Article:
Jim Downs's book exists to highlight the nuance, the richness, and even the messiness of people’s lives by offering an alternate history of gay life in the ‘70s.
SOURCE: Time Magazine
Jim Downs teaches history at Connecticut College.Francis Dufrene lived for Sunday nights. tall and lean with a pile of blond hair, the 21-year-old would take two buses from his home in the New Orleans suburbs to make it to the Upstairs Lounge by 5 p.m., when the French Quarter bar held its weekly beer bust--two hours of all-you-can-drink drafts for $1.From the outside, the Upstairs didn't look much different from the other gay bars on a particularly seedy stretch of Iberville Street. But up 13 steps on the second floor was a refuge....
SOURCE: Huffington Post
Jim Downs is an associate professor of history and American Studies at Connecticut College, specializing in African-American studies and nineteenth-century American history. His book, Sick from Freedom: African-American Illness and Suffering during the Civil War and Reconstruction, was just published by Oxford University Press.On June 4, 2013, Ellen Sturtz, a gay rights activist, heckled first lady Michelle Obama at a meeting of the Democratic National Convention. Ms. Obama allegedly responded by saying that she would leave if the heckler did not stop. The audience, however, cajoled the first lady to stay and the gay rights activist was purportedly escorted out of the venue. Mrs. Obama continued her speech by talking about the future of children.
Jim Downs: Civil War and Emancipation the "Greatest Biological Catastrophe of the Nineteenth Century."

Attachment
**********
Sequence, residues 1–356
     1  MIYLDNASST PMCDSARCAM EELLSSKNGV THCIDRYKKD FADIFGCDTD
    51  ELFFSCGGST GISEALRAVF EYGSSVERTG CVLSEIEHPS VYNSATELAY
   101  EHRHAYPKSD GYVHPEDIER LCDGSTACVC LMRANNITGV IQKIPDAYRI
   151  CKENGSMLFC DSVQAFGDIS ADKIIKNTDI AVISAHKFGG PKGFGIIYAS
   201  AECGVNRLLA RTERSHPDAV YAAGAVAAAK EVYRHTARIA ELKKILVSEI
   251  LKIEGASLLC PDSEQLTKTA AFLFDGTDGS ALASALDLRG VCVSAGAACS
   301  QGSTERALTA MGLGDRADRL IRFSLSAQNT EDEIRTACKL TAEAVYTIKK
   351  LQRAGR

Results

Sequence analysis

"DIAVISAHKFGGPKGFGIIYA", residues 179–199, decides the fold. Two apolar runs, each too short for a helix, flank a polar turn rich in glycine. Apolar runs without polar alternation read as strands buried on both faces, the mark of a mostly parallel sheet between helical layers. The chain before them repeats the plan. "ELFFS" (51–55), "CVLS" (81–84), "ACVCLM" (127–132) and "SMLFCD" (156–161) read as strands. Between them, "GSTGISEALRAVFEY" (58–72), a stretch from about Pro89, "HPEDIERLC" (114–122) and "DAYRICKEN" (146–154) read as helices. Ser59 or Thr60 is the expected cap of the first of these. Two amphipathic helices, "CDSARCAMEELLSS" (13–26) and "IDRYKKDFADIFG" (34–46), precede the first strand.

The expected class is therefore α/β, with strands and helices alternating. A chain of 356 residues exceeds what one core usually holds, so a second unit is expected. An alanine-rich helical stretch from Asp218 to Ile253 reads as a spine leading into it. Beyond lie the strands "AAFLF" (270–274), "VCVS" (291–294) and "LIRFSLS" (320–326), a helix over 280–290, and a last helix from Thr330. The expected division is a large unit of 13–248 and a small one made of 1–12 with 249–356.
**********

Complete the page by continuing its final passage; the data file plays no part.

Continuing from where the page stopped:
by Robin Lindley
Contraband during the Civil War. Credit: Wiki Commons.January 1, 2013 will mark the one hundred fiftieth anniversary of the effective date of the Emancipation Proclamation.We tend to think of the emancipation of African American slaves in the South as a celebratory moment of jubilation and ecstasy. But there is a darker, bitterly ironic side to this triumphant story -- a grim story of neglect and indifference to a vulnerable population of uprooted men, women and children left to negotiate their freedom in a hostile, war-torn, disease-plagued land.
by Jim Downs
"Contrabands at Headquarters of General Lafayette," by Mathew Brady, 1862.As Americans enjoy the holiday weekend, does anyone know how Memorial Day originated?On May 1, 1865, freed slaves gathered in Charleston, South Carolina to commemorate the death of Union soldiers and the end of the American Civil War. Three years later, General John Logan issued a special order that May 30, 1868 be observed as Decoration Day, the first Memorial Day -- a day set aside "for the purpose of strewing with flowers or otherwise decorating the graves of comrades who died in defense of their country during the late rebellion, and whose bodies now lie in almost every city, village, and hamlet church-yard in the land."
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